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StainingStaining Example

A concrete surface can be given color using a variety of methods and materials. Wet concrete can be given color by adding pigments to the mix or by broadcasting materials over the surface of freshly poured concrete. Cured concrete can be given color through the use of acid stains, water-based stains or oil-based stains. Color can be achieved through the use of pigmented sealers and even through the use of certain botanicals such as turmeric or coffee.

Concrete by Design works only with cured concrete (and as a rule uses primarily acid/patina stains) and there are several reasons for this. First, unlike water-based stains or add-mixtures, acid stains yield a unique mottled pattern where in color drifts into lighter and darker areas giving a beautiful marbled effect. Acid stain penetrates the surface of the concrete much more deeply than water or oil-based products making it much more durable than other applications. Rather than coating the surface of the concrete, acid staining is a chemical reaction. A solution of water, acid, and inorganic salts reacts with minerals in the concrete. A beautiful array of colors can be achieved through this reaction ranging from, tan, brown, and reddish brown to a variety of blues and greens.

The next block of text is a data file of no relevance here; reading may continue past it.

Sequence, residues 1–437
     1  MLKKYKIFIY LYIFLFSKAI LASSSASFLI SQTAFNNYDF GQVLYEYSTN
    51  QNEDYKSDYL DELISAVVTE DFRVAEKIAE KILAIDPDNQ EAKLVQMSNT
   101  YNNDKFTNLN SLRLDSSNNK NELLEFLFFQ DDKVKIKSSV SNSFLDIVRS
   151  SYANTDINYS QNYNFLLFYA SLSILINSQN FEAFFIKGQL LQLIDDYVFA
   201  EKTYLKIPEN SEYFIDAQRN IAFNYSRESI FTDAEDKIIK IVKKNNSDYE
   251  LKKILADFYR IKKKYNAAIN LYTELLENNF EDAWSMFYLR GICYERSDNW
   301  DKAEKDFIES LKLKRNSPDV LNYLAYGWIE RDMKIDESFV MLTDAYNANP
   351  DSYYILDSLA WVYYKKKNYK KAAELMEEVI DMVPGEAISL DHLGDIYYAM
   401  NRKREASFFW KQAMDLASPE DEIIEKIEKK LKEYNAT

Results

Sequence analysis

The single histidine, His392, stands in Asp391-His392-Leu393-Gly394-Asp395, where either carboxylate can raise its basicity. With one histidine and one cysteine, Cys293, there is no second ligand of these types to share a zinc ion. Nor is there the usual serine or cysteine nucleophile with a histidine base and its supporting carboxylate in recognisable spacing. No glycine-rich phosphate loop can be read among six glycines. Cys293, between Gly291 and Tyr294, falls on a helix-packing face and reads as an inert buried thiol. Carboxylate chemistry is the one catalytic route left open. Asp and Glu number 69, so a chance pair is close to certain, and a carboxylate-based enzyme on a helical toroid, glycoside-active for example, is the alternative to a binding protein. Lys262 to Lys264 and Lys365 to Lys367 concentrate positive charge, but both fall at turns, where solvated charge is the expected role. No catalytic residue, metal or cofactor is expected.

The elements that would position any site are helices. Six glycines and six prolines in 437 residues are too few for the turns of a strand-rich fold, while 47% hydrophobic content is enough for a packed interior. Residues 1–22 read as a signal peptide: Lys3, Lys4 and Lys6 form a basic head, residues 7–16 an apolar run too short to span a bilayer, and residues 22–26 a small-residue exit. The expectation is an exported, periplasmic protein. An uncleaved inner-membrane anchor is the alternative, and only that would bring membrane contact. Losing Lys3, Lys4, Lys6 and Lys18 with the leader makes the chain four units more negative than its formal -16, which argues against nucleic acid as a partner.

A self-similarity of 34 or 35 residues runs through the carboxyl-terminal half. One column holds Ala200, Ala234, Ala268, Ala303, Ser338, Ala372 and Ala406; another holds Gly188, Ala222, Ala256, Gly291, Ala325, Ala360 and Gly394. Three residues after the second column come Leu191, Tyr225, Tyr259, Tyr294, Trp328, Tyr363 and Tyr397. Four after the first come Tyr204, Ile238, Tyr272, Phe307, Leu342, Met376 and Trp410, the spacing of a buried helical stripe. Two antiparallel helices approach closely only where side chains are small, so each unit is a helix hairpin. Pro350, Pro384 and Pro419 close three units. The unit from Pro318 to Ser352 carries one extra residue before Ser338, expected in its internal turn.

Staining Example
Acid stain will not mask any permanent stains or imperfections in the concrete. If your concrete floor is unsuitable for acid stain, you may want to consider water-based stains. These stains come in a much wider selection of color and many can mask underlying imperfections in the concrete. While these stains do not yield the natural mottling associated with acid stain, many very beautiful effects can be achieved with these products through skilled application and layering of different colors. While water-based stains do not penetrate the surface as deeply as acid stains, an application of an appropriate sealer will yield an almost equally durable surface.